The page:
Former President George W. Bush gave a moving speech Saturday as the country solemnly remembered the 20th anniversary of 9/11, contrasting the unity he witnessed in the days after the attacks with the division that exists in the nation today.
"Twenty years ago, we all found — in different ways, in different places, but all at the same moment — that our lives would be changed forever. The world was loud with carnage and sirens, and then quiet with missing voices that would never be heard again," he said at the Flight 93 National Memorial near Shanksville, Pennsylvania.
"These lives remain precious to our country, and infinitely precious to many of you," he said. "Today we remember your loss, we share your sorrow and we honor the men and women you have loved so long and so well."
Bush said that on America's darkest day, the "actions of an enemy revealed the spirit of a people."
"We were proud of our wounded nation," he told the crowd. "In these memories, the passengers and crew of Flight 93 must always have an honored place. Here the intended targets became the instruments of rescue. And many who are now alive owe a vast, unconscious debt to the defiance displayed in the skies above this field."
The former president went on to talk about the struggles of trying to understand why America was targeted and said the "security measures incorporated into our lives are both sources of comfort and reminders of our vulnerability."
"And we have seen growing evidence that the dangers to our country can come not only across borders, but from violence that gathers within. There is little cultural overlap between violent extremists abroad and violent extremists at home," Bush said, seemingly referencing the Jan. 6 Capitol riot.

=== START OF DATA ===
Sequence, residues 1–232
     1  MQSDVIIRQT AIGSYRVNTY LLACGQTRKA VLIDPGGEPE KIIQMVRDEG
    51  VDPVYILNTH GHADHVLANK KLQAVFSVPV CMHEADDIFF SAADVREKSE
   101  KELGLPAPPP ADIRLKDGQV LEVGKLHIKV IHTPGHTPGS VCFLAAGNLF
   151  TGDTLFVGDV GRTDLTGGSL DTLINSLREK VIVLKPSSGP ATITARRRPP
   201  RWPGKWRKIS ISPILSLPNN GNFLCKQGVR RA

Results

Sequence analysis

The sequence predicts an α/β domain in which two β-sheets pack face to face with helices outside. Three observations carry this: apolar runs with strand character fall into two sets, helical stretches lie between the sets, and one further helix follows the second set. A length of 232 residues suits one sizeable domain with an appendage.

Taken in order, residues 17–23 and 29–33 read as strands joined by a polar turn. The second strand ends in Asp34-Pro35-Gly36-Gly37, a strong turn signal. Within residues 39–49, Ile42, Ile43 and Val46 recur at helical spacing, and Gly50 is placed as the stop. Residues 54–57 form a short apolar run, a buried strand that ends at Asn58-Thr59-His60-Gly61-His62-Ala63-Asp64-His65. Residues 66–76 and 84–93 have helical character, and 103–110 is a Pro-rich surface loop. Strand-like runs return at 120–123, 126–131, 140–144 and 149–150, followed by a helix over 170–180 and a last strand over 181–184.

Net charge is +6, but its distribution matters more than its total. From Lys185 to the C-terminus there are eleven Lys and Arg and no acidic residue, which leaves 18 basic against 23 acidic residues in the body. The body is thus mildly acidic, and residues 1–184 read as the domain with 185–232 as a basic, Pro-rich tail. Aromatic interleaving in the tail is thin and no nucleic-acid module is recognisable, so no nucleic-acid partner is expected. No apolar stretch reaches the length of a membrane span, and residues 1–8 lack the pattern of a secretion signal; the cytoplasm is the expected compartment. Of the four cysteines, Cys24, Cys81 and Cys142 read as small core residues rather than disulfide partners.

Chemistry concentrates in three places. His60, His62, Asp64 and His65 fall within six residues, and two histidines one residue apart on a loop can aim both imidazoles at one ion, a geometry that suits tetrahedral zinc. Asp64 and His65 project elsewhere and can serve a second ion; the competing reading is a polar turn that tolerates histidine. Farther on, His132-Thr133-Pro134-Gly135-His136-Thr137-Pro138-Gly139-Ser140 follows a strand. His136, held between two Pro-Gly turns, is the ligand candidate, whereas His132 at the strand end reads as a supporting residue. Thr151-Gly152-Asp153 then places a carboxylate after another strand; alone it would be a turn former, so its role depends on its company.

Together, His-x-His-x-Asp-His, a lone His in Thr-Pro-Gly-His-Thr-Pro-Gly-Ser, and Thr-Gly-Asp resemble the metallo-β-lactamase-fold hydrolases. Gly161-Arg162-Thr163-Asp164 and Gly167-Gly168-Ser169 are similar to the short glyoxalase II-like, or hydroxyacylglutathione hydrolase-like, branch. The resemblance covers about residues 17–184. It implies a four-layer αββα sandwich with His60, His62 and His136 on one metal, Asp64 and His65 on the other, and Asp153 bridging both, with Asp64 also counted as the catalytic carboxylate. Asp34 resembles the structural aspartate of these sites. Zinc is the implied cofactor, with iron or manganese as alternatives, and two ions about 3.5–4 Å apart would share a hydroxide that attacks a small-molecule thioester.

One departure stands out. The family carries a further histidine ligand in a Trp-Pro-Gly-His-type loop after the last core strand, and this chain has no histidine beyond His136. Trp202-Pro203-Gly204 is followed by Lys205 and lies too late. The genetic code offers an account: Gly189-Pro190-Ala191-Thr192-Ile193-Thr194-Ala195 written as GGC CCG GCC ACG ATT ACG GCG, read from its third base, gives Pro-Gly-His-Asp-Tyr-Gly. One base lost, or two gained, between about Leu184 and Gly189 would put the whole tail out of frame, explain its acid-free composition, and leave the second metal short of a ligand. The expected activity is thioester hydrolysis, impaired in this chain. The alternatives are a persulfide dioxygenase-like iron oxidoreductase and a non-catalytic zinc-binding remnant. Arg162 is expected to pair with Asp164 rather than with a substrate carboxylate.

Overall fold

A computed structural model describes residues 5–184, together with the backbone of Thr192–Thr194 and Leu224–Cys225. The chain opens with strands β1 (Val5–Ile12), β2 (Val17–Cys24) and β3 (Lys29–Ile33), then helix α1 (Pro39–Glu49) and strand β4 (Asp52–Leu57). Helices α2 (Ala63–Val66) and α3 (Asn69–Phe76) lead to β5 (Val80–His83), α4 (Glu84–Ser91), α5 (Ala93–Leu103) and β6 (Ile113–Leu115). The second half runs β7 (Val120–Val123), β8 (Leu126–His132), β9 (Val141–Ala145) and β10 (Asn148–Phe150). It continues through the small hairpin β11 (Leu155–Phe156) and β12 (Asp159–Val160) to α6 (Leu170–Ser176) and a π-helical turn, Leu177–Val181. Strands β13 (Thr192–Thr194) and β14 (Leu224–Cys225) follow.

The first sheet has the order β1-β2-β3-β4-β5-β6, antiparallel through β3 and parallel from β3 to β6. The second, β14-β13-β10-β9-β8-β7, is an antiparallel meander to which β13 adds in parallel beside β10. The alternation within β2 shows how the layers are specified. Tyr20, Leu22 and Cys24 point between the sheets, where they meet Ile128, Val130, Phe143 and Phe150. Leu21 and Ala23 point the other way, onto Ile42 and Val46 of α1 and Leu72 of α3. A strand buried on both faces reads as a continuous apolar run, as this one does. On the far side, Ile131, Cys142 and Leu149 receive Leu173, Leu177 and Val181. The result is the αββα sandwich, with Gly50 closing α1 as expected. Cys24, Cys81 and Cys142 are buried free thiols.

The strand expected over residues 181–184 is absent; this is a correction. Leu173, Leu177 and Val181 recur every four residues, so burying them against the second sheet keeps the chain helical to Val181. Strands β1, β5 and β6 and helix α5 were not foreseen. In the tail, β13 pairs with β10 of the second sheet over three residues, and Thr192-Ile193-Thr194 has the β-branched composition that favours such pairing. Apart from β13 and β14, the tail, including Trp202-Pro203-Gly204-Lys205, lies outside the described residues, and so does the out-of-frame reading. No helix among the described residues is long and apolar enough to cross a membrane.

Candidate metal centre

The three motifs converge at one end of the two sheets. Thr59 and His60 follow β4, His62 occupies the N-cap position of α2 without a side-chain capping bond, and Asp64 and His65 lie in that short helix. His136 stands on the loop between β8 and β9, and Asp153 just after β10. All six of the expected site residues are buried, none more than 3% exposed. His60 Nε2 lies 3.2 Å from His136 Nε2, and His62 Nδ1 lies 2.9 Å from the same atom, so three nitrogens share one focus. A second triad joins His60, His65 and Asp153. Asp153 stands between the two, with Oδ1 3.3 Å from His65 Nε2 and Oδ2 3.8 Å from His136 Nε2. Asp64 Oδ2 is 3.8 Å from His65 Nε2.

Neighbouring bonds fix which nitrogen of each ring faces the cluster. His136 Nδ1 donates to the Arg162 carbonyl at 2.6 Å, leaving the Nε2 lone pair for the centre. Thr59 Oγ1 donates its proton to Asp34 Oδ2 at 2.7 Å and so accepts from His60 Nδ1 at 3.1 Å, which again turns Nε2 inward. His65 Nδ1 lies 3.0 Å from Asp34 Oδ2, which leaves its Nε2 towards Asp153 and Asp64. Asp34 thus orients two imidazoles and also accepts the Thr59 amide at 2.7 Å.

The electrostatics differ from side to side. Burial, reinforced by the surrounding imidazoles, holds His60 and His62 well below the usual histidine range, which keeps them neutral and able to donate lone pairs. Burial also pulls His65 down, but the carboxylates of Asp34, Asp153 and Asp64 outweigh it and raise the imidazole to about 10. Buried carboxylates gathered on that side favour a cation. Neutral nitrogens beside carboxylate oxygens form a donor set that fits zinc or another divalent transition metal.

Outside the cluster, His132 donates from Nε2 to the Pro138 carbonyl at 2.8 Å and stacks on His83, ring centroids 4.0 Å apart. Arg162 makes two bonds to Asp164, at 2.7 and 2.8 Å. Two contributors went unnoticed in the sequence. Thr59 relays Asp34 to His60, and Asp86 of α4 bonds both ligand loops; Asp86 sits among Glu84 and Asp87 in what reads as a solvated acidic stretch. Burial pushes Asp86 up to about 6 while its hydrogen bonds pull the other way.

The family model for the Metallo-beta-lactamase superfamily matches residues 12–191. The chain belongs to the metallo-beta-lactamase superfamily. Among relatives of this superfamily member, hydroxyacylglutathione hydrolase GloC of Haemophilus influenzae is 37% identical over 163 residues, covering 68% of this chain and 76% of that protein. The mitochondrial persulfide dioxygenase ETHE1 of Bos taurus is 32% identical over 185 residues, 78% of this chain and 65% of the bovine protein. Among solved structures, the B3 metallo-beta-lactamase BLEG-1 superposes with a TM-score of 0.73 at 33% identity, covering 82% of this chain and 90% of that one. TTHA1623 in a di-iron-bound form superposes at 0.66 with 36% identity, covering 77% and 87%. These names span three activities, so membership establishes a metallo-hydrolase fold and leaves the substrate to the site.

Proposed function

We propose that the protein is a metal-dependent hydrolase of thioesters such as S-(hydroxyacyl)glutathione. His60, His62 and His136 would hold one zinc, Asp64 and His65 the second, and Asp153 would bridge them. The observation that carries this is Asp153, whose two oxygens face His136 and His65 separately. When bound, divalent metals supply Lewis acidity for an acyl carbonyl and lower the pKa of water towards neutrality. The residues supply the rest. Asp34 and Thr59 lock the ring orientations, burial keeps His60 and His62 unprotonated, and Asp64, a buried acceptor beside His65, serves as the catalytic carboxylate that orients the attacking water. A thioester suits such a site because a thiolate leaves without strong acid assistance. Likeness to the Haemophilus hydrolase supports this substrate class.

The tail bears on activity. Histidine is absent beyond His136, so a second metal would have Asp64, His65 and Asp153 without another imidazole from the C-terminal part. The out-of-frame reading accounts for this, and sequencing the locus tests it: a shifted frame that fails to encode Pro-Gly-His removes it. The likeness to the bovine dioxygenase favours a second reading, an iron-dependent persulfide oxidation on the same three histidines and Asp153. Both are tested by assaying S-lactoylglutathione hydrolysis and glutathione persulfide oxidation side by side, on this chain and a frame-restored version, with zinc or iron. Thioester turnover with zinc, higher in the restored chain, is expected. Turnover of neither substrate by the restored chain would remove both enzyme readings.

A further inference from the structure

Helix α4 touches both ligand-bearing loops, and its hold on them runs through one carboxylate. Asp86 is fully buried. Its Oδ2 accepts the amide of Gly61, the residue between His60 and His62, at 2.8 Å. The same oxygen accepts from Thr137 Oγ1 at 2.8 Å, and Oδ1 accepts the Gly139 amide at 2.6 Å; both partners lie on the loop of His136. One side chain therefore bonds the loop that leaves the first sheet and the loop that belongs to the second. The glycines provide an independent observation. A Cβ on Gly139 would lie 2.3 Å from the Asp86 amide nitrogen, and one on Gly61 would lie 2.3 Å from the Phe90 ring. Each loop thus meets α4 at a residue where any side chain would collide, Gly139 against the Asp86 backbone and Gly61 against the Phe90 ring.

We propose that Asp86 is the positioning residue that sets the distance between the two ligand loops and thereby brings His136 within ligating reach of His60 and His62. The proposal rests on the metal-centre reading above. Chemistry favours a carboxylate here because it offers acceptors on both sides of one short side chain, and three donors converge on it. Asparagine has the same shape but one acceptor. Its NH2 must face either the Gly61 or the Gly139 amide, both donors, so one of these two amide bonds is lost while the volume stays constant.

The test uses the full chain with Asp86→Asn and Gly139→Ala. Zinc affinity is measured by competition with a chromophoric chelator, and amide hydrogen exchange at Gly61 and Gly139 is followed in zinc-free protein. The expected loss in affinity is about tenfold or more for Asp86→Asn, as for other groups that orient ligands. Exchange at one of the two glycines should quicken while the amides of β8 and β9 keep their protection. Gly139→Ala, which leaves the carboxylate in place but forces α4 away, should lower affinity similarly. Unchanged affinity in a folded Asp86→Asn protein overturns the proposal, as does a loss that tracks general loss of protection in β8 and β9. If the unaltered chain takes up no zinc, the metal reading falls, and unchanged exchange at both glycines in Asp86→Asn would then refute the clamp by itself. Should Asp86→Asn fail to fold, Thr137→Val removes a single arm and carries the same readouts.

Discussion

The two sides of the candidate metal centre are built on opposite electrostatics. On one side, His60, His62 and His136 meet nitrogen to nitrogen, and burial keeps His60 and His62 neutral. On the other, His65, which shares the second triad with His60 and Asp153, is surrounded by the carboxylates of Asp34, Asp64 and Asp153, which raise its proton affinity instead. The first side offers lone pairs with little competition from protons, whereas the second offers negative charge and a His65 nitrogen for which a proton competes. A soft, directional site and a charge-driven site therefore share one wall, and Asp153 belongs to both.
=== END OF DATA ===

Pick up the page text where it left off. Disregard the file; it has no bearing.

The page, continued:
"But in their disdain for pluralism, in their disregard for human life, in their determination to defile national symbols, they are children of the same foul spirit. And it is our continuing duty to confront them," he said.
Bush, who was reading a book to Florida schoolchildren when the planes hit 20 years ago, reflected on how the country came together in the days following the terrorist attacks.
"On America’s day of trial and grief, I saw millions of people instinctively grab for a neighbor’s hand and rally to the cause of one another. That is the America I know. At a time when religious bigotry might have flowed freely, I saw Americans reject prejudice and embrace people of Muslim faith. That is the nation I know," he said.
"At a time when nativism could have stirred hatred and violence against people perceived as outsiders, I saw Americans reaffirm their welcome of immigrants and refugees. Thatis the nation I know," he said. "At a time when some viewed the rising generation as individualistic and decadent, I saw young people embrace an ethic of service and rise to selfless action. That is the nation I know."